New year, new lockdown. We violin makers are so lucky to have work we enjoy and I really feel the benefit of a nice warm, quiet, safe environment to work in. Never has my lovely purpose-built workshop seemed more enticing.
As orders are thin on the ground I’m enjoying continuing my exploration of models I’ve either not made before, or not for some time. I wanted to make another violin. The last three have all been to a Stradivari model I love and which works really well, but I thought I might have a change, so settled on this. Carlo Bergonzi was the last of the great Cremonese makers; he had a small output, almost all violins, but lovely and quite distinctive. I’ve made this model a few times, and always liked it, so I thought it would be fun to pick it up again, particularly with reference to the 1735 ‘Habeneck’ I’ve been making recently, close in date.
As ever, I start with making the ribs. I’m using a maple one-piece back which was thick enough to allow me to saw off a wedge of wood big enough to get three sets of ribs from; a nice eco-solution to not wasting good wood! And I always like a good bit of vigorous hand sawing.
The ribs are planed to just over 1mm thickness then bent and glued to the mould. Then the linings are fitted; small strips of spruce which reinforce the eventual gluing surface with the back and front.
Then I’ve worked on the scroll. This one is fun; presaging the eccentricity of the later scrolls of Guarneri del Gesu, wide eyes shown to advantage with a narrow second turn. I’ve been working from photos, hoping to capture the elusive spirit of the original.
Now the fun really starts, working on the back and front. I start by making a start on hollowing out the plates; which means I have done as much in advance as possible and can work fast and fluently at the finish. After the hollowing, I cut out the outlines for the back and front and rough out the arching, then finalise the outlines.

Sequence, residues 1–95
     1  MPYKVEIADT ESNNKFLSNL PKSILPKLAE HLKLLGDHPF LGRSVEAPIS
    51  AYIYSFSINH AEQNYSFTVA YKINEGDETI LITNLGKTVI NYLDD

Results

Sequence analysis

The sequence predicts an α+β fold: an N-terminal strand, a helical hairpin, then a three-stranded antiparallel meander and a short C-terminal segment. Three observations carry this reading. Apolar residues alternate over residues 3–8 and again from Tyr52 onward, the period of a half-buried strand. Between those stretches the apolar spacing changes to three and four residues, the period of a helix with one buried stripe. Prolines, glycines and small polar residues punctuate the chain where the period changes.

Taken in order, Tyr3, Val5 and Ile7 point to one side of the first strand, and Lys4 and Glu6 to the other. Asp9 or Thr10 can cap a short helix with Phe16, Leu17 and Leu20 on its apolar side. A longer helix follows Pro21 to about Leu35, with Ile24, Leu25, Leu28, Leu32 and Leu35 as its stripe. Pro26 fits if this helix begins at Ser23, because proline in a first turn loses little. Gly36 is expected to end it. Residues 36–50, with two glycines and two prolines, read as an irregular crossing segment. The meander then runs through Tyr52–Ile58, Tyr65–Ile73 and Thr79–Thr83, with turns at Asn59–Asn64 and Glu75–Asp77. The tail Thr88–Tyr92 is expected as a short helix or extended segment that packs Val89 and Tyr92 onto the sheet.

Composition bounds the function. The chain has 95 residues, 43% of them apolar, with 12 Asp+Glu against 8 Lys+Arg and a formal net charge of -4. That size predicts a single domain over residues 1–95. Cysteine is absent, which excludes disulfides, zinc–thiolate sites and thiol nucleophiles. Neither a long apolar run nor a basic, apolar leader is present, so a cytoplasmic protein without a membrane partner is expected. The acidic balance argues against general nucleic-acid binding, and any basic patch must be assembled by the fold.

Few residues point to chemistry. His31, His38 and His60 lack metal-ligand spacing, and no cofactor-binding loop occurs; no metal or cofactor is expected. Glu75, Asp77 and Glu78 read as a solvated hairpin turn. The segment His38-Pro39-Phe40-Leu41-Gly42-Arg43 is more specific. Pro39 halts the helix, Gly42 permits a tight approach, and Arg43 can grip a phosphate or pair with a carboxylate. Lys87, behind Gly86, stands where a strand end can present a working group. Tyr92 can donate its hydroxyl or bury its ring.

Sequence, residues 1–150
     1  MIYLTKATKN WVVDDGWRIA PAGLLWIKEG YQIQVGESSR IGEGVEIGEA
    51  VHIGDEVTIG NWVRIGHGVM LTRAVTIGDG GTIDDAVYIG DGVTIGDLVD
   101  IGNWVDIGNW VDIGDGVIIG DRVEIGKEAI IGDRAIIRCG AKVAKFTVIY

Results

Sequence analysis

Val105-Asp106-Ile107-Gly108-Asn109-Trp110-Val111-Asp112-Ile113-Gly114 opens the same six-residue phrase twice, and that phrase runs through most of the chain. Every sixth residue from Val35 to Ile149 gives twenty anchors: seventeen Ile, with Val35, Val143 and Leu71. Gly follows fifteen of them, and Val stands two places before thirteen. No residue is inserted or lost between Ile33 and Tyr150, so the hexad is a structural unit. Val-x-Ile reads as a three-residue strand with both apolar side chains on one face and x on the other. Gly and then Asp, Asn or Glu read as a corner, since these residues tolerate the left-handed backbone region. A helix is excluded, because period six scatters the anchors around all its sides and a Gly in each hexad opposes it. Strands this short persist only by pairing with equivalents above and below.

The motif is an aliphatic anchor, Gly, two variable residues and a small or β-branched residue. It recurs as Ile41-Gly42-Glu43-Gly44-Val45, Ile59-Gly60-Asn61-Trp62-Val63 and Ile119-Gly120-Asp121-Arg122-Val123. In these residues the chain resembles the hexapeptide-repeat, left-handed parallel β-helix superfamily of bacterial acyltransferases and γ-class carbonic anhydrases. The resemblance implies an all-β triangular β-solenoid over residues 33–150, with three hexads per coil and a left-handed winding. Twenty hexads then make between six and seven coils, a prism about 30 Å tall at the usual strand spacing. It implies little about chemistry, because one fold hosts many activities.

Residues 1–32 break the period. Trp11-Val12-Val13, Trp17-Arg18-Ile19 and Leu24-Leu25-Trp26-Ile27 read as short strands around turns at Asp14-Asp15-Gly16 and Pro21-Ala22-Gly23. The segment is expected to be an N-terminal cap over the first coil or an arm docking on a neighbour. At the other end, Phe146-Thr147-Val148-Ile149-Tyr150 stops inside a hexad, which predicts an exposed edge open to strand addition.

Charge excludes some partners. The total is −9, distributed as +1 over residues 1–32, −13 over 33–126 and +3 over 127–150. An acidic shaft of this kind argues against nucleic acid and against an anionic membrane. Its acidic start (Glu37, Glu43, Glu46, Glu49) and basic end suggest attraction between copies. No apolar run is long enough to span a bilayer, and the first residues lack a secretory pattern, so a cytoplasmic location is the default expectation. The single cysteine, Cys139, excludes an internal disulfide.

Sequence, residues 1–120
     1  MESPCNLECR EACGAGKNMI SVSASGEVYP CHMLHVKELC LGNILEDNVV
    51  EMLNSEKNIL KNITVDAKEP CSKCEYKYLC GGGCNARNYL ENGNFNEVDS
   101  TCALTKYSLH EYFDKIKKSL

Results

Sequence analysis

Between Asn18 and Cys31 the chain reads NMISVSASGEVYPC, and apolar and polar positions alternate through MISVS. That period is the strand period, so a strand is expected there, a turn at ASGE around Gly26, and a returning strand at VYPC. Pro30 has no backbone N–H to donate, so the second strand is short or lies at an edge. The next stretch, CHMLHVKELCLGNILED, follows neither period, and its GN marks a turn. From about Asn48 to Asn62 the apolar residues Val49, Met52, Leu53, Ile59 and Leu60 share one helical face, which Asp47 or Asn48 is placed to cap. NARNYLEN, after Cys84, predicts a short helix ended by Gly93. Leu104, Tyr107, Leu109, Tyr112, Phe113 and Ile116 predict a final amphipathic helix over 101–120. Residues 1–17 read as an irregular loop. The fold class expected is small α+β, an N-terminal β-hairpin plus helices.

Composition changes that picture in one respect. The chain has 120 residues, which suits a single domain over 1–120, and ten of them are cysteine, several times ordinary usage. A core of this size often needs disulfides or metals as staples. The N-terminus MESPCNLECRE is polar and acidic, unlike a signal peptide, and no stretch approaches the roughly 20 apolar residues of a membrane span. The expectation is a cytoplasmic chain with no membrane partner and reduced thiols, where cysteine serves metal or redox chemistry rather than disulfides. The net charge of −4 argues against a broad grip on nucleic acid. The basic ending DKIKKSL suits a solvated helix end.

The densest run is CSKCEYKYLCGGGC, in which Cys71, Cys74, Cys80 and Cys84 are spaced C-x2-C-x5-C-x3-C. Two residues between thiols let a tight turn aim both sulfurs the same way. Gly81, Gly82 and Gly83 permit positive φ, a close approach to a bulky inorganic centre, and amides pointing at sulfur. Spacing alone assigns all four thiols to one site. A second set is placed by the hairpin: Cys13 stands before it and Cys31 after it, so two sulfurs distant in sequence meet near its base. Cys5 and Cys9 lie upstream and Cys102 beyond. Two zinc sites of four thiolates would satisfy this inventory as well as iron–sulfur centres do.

The wood for the back is a piece of figured maple that must be at least 50 years old. It has a lovely, luminous texture, and although the figure is not all that prominent, it has lots of character and interest. The front is spruce that I bought some years ago in France.
The next stage is to fit the purfling, the sandwich of black/white/black wood inlaid round the edge of the violin. In this case, the black strips are dyed pearwood and the white is willow. First I cut two parallel grooves round the edge of the plates, then remove the waste wood, then bend, trim and glue the purfling.
That done, I finalise the arching. The Bergonzi arching is reminiscent of Stradivari, and I’ve worked carefully to make what I think will give a powerful and responsive instrument. Then I finish the thicknessing, checking the weight, stiffness and sound it makes when tapped until I’m satisfied with the result.
The Bergonzi f-holes are big and bold, actually quite scary to cut because it’s easy to lose courage and feel you’ve taken off too much wood. What can seem like a huge hole looks different when the violin is varnished and set up, so I’ve stayed with the courage of my convictions.
I make the circular holes using hole cutters, then saw out the rest with a fine bladed fretsaw. Then I work carefully with a knife until I’m happy with the shape.
Finally, I fitted the bass bar, which helps strengthen the front and reinforces the lower register of the violin, then it’s time to glue the body together.
Then, neck fitting and the violin is finished ‘in the white’, ready for varnishing. All was finished late on a Friday afternoon, and I liked how the violin looked in the lamplight.
Now, in late March, the violin is finished. I’ve used varnish with more cooked-in colour than usual so I’ve achieved a soft caramel orange without adding pigments, which means extra transparency. I’ve also just been given a couple of tailpieces made from Sonowood, which is compressed spruce, an ecological alternative to ebony, which I have successfully used before. So I thought it would be good to use one on this violin. Just waiting to hear it now…